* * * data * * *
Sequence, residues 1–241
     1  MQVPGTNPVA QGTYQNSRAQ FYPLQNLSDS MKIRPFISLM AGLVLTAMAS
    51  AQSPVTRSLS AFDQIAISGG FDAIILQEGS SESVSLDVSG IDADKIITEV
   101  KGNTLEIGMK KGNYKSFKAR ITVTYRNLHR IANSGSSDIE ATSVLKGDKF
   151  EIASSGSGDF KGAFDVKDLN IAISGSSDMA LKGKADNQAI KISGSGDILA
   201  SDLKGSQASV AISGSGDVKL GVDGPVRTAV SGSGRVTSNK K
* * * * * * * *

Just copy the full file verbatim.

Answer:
Sequence, residues 1–241
     1  MQVPGTNPVA QGTYQNSRAQ FYPLQNLSDS MKIRPFISLM AGLVLTAMAS
    51  AQSPVTRSLS AFDQIAISGG FDAIILQEGS SESVSLDVSG IDADKIITEV
   101  KGNTLEIGMK KGNYKSFKAR ITVTYRNLHR IANSGSSDIE ATSVLKGDKF
   151  EIASSGSGDF KGAFDVKDLN IAISGSSDMA LKGKADNQAI KISGSGDILA
   201  SDLKGSQASV AISGSGDVKL GVDGPVRTAV SGSGRVTSNK K